Emotion-based marketing in the healthcare industry

  1. Healthcare Marketing

    Emotion-based marketing in the healthcare industry

    By Tammy Delatorre, for HealthLeaders.com, Sept. 5, 2001

    If you've ever watched a Hallmark or AT&T commercial, you know what it's like to be the target of an emotion-based marketing campaign. These commercials tug at your heartstrings, effectively linking love for friends and family to their products and services.

    For the most part, the healthcare industry has moved away from such emotion-based tactics, viewing it as sentimental and perhaps a little incongruous with managed care's troubled public perception. In recent years, consumers have voiced intense concern regarding quality of care, access to care, and soaring costs of care.

    As a result, many marketers have run screaming in the opposite direction, afraid to use emotional marketing strategies as they might open up even more controversy. Instead, we have become primarily focused on a feature/benefit approach. But have we forgotten what healthcare is truly about - making people's lives better?

    Perhaps it's time to bring emotions back to healthcare marketing and advertising. Consumer sensitivity and emotional response play a huge role in healthcare, where trust and caregiving must inherently go hand-in-hand. You have only to think about the delivery of healthcare services for your parents, spouse, or children to realize that your emotions will play a big part in the type of buying decisions you make in the healthcare marketplace. So how does a healthcare organization incorporate emotion-based marketing into its overall strategy? And what emotions do people respond to in the healthcare industry?

    Logical vs. emotional persuasion

    To give you a basis of comparison, feature/benefit marketing treats products and services as commodities, comparing price, product features, or service levels. It asks the basic question: Will this product or service do the job at the least possible cost? Imagine going shopping for a new computer. Sales representatives often hand out a product specification sheet, listing the processor, hard drive space, memory, type and size of screen, and various other options.

    Imagine doing this for a healthcare facility - listing the types of services delivered, costs of services, hours of operation, providers at the center. It would be very difficult to prepare such a point-by-point breakdown for healthcare services. How do you measure something as personal and caring as the delivery of medical services?

    Emotion-based marketing is more complex, but can be much more effective and persuasive. Your organization creates an emotional bond with healthcare consumers and clients by identifying and appealing not just to basic needs, but a higher emotional response - the need to feel cared for, safe and secure, healthy and fit.

    Some emotional drivers to consider

    All people are driven by human desires, such as the desire to belong, to feel attractive or respected. As a result, the most compelling experiences are usually emotionally affective - they touch your heart and create a lasting emotional association. Some of the most effective marketing campaigns capitalize on these consumer motives. Of course, sophisticated consumers need to hear more than the obvious "we care." So what are some emotional drivers to consider in a healthcare marketing strategy?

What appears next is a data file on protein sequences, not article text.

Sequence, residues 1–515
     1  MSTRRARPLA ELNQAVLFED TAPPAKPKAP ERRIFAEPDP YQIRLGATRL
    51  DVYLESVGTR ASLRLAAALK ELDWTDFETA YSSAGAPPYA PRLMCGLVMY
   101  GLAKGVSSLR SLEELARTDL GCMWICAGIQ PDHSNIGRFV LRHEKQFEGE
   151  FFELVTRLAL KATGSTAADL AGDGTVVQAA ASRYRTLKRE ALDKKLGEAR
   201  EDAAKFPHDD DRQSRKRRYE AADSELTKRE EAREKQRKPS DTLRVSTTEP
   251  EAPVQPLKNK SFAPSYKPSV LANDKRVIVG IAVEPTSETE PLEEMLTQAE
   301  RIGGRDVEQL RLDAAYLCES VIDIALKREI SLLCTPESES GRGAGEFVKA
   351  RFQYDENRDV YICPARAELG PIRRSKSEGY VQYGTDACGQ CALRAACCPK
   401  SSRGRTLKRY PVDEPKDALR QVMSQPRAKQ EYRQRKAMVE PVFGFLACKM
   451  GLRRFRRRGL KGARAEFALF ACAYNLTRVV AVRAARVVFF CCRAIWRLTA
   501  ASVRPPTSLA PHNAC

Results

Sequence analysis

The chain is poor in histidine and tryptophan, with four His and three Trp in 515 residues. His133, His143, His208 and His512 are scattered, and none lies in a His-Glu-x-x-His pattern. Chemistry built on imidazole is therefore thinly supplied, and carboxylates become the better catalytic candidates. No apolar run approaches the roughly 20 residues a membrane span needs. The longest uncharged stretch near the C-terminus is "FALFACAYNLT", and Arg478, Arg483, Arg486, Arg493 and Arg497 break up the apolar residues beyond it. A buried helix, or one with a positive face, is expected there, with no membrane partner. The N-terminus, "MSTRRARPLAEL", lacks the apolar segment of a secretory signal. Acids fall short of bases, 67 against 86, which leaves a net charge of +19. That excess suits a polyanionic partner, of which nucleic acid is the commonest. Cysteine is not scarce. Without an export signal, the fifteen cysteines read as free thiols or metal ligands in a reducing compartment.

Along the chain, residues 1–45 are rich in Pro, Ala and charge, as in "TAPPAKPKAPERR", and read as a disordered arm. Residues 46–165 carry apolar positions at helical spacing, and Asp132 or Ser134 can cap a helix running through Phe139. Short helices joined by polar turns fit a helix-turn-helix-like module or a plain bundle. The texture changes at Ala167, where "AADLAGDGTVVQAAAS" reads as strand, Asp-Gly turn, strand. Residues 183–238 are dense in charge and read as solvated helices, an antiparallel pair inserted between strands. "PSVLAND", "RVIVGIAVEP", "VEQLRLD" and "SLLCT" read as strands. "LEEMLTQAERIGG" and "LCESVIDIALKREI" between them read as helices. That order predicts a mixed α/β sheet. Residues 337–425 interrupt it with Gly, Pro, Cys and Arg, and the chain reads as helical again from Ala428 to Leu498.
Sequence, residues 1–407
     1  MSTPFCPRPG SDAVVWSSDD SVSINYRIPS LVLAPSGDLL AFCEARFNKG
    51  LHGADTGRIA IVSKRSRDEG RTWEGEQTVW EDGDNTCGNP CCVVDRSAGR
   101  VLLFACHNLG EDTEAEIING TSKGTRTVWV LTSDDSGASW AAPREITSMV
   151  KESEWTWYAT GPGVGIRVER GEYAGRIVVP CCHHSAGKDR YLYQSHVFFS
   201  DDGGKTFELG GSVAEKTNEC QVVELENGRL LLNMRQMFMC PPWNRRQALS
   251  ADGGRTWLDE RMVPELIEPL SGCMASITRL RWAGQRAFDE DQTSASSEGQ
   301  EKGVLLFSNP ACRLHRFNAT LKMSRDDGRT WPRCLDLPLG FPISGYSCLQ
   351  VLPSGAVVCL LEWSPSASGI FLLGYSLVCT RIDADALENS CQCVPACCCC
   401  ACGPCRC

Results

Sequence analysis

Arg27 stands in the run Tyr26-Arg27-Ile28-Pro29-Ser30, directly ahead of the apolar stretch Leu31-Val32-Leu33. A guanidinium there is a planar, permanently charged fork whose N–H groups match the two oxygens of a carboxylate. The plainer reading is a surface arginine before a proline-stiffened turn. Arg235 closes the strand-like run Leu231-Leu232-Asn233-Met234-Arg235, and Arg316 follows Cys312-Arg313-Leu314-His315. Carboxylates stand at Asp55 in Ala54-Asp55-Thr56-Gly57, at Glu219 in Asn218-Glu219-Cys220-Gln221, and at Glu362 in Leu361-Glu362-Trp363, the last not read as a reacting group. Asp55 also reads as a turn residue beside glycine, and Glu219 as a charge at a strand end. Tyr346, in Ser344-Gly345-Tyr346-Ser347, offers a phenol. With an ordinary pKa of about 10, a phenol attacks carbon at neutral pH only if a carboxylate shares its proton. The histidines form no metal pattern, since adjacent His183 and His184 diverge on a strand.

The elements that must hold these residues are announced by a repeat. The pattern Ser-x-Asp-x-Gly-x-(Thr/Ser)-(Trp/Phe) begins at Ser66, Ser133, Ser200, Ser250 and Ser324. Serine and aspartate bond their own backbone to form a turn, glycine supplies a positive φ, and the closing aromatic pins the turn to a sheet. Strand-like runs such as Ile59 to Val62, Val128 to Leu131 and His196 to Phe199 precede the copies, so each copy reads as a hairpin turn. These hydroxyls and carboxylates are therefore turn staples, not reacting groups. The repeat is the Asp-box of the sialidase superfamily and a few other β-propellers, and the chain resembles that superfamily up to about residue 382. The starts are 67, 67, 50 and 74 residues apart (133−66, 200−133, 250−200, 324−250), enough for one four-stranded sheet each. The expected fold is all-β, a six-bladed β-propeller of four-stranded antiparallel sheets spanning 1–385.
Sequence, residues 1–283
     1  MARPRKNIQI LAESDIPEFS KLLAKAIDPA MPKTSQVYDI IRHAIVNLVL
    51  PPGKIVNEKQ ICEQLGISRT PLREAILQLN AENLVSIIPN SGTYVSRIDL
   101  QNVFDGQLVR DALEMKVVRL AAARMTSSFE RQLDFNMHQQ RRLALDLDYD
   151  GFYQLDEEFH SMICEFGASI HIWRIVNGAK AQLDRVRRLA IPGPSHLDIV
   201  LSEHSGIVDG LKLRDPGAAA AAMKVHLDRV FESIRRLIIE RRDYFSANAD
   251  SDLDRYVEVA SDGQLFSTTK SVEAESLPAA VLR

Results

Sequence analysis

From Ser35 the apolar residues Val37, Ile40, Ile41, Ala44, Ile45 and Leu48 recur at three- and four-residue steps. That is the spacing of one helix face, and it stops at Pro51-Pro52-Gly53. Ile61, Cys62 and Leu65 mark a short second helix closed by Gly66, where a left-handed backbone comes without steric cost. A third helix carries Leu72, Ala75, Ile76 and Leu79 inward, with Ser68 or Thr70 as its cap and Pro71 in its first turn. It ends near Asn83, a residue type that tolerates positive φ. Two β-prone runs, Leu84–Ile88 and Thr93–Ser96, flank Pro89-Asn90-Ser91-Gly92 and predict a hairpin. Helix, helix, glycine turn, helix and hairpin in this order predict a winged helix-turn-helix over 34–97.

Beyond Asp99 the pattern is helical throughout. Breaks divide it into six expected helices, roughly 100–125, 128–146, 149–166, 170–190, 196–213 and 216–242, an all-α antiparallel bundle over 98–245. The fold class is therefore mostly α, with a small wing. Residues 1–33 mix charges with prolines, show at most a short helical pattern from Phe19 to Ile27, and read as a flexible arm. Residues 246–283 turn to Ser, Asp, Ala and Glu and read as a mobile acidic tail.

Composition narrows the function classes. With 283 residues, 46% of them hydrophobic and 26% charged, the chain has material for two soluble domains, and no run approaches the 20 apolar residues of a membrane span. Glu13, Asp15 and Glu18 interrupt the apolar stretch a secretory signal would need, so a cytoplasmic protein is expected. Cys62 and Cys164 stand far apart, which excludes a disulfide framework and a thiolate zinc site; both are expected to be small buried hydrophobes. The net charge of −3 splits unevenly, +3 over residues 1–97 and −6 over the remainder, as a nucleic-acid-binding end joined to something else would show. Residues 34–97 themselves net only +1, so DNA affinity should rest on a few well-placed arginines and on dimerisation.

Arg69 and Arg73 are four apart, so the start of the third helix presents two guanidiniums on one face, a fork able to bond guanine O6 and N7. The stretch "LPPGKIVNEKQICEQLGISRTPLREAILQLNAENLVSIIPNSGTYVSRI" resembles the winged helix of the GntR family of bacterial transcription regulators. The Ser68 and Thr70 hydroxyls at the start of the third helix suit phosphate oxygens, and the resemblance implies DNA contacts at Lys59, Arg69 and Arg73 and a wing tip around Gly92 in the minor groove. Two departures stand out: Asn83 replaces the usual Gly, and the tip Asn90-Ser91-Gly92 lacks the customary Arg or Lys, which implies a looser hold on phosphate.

Fear. Unfortunately, a primary driver in the healthcare industry is fear - fear that there will be no access to healthcare services, that there will not be quality service for family members, or that the cost of services will be too prohibitive to gain access. A great threat to healthcare consumers is the rise in the rate of uninsured in America. Between 1996 and 1997, the number of uninsured increased by 1.7 million to 16.1% of the population - a disturbing trend given the relatively strong American economy. This fear can motivate consumers to seek appropriate healthcare coverage for medical services and emergencies.

    Safety and security. Through your organization's expertise, prestige, and reputation you can provide healthcare consumers with a sense of security. Perhaps your organization's strong suit is stable management or outstanding research. Whatever the case, your product or service should be perceived as safe and reliable.

    A huge security issue today is patient medical privacy. This issue applies to both consumers who want to feel that their medical history is confidential, and to healthcare IT specialists who are considering new software and technology. Healthcare organizations and technology vendors must assure patients and clients that privacy is protected through proper security measures and confidentiality procedures.

    Trust. Trust is a major issue with patients. They want to feel that their providers care about them and will try to restore their health and ease their pain and discomfort. With consumer backlash against managed care, health maintenance organizations are having to re-build trusting relationships with their members. Unfortunately, they must overcome many HMO stereotypes that influence satisfaction ratings.

    One sure way to build trust with patients is to increase the time spent in providing care. Currently, physicians may seem rushed due to increased managed care demands, but according to the New England Journal of Medicine, the average office visit is up by a minute or two to an average of 19-20 minutes. Increased time spent with patients not only increases trust, but can also affects the quality and satisfaction levels of patients, ratings that should then be reported to physicians. Many healthcare programs are even instating empathy training to endow all levels of staff with a "we are here when you need us" mentality.